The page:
Not quite Harley's but a great day
We headed down the coast road on our throbbing 125 cc mopeds and were instantly rewarded with beautiful palm and coral fringed bay after bay revealing itself. Incredibly everywhere we went there also seemed to be another small army of high school students cleaning up the road side, or cutting down long grass etc. We also got very tired arms from waving in response to hundreds of "Halo meester" and "Halo meesus" shouted from near and far.

One of many picturesque bays
 We rode south for about two hours including many, many stops for photos and pauses generally soaking in the views until the road turned inland towards Maumere where we simply turned around and repeated the process but with different stops. We rode straight through the town and out the north side to explore more coastline. Here we found beautiful white sand beaches lining the narrows of the Flores Straight separating Flores and Adunara Islands.

We continued along the narrow, water front road and made a stop at a small, traditional fishing village we found. Here the people were again incredibly friendly and very accommodating of our habit of pointing cameras at them. An elderly couple sitting cross legged on the ground gave us a wave and then continued on with their task of mending nets. Children played hide and seek with us around the corners of houses, squealing with laughter when we looked at them. Their houses may be very simple but the inhabitants here certainly seemed happy with their lot. Many of the boats lining the white sand beach had been literally hand carved out of a single tree trunk and while some sported outriggers most did not. Watching a young girl effortless standing up bailing one out certainly impressed on us the balance and boat skills these people have. It’s hard to imagine hauling in a big full net of fish over the side without capsizing.

Quiet traditional fishing village of the beaten track

Pressing on slowly down the quickly deteriorating road/track we came across a small, jet black sand beach just a few hundred metres further on from the white sand we’d just left. The volcanic sand absolutely glistened and sparkled in the sun but not surprisingly was unbelievably hot . Not quite the spot for sun baking. When the pot holes finally outnumbered the pieces of intact pavement we back tracked and made our way to a nice waterfront "Resto/Karaoke" establishment we had spotted earlier for lunch and obligatory cold Bintang.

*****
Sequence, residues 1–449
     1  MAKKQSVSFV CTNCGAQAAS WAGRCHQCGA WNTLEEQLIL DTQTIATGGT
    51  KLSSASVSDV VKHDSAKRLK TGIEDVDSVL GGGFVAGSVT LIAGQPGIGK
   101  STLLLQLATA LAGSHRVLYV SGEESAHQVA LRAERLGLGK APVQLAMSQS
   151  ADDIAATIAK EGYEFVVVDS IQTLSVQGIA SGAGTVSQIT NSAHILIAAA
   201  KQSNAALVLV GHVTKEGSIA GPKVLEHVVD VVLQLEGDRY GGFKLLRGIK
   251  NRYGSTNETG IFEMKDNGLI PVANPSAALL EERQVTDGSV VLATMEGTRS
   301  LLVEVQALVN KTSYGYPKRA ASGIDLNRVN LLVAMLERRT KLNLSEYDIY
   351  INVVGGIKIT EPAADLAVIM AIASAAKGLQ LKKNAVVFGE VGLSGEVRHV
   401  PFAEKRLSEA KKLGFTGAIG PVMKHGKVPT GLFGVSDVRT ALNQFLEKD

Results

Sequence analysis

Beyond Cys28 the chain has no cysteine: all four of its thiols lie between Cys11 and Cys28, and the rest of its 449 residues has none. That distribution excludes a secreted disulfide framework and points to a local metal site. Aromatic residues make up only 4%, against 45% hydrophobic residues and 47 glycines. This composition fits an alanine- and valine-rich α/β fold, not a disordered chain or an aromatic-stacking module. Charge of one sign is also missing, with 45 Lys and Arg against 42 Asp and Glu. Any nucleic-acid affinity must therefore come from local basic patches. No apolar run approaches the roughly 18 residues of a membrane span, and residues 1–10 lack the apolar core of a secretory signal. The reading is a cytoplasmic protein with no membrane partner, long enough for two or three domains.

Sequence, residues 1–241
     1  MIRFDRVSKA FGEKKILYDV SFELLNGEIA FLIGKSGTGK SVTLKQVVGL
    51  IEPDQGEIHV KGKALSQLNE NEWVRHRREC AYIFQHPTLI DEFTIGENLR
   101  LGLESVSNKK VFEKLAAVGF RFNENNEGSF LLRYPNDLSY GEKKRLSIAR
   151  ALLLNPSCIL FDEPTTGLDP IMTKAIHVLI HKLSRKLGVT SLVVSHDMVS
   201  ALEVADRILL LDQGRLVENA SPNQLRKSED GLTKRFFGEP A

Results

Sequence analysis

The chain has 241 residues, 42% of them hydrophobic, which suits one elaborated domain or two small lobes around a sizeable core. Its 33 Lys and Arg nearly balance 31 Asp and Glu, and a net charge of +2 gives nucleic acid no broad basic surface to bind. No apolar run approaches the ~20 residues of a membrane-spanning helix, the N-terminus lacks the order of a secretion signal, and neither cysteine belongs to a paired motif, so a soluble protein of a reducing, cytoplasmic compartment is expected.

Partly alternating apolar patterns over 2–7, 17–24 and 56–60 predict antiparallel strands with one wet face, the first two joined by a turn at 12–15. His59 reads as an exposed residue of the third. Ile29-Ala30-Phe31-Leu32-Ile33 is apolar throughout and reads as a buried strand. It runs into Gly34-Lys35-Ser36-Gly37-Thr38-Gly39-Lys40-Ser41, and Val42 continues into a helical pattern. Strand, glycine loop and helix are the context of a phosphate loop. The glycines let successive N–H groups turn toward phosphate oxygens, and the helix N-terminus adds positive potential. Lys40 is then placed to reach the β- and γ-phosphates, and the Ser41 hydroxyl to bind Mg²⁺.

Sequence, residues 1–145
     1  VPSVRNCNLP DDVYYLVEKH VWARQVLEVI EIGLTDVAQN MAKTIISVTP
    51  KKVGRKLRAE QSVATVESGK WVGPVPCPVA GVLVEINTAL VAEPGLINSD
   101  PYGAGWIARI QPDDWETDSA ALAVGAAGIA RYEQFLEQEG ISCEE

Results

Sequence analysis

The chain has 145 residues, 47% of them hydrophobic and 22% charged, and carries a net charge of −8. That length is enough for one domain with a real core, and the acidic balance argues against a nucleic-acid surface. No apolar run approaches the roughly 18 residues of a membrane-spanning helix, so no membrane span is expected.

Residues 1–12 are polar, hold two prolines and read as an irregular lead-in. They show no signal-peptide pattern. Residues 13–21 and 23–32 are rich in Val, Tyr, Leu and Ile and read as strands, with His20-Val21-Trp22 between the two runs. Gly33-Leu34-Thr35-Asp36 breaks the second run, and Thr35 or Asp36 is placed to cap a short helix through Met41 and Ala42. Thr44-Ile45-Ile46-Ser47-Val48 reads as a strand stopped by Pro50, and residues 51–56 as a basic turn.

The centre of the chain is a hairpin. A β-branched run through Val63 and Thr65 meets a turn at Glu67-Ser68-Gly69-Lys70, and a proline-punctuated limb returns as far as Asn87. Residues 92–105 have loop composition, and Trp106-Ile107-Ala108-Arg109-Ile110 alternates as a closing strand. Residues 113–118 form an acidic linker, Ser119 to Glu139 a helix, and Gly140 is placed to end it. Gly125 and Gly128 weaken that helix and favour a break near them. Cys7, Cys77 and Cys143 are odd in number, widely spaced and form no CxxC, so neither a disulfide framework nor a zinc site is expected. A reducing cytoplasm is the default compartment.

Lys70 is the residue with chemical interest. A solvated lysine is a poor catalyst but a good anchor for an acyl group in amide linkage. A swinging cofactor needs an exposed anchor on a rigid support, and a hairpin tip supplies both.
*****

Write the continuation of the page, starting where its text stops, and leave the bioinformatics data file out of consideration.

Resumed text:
Perched right on the water overlooking the narrows, we had the place to ourselves and were really enjoying the serenity and view as we relaxed and watched a small group of Rally yachts make their way in to port from the north – that was until the Indo version of the only gay in the village arrived, turned on the biggest stereo we’ve ever seen in such a small room and began closing all the doors and windows so the karaoke film clip of Celine Dion could be seen projected on the wall via data projector. It took us quite a while to bridge the communication gap and convince him we were there for the food and view, not deafening lunchtime pop and he was a little miffed that we obviously were too uncultured to appreciate his presentation of musical art and sullenly minced out the door in his skin tight denims, flower print sandals and Hawaiian shirt open to the navel. That sorted we enjoyed a fantastic lunch of local foods and watched the boats sail by with cold drink in hand. We did restrict our Bintang intact in considering we still had to negotiate the ride back into town.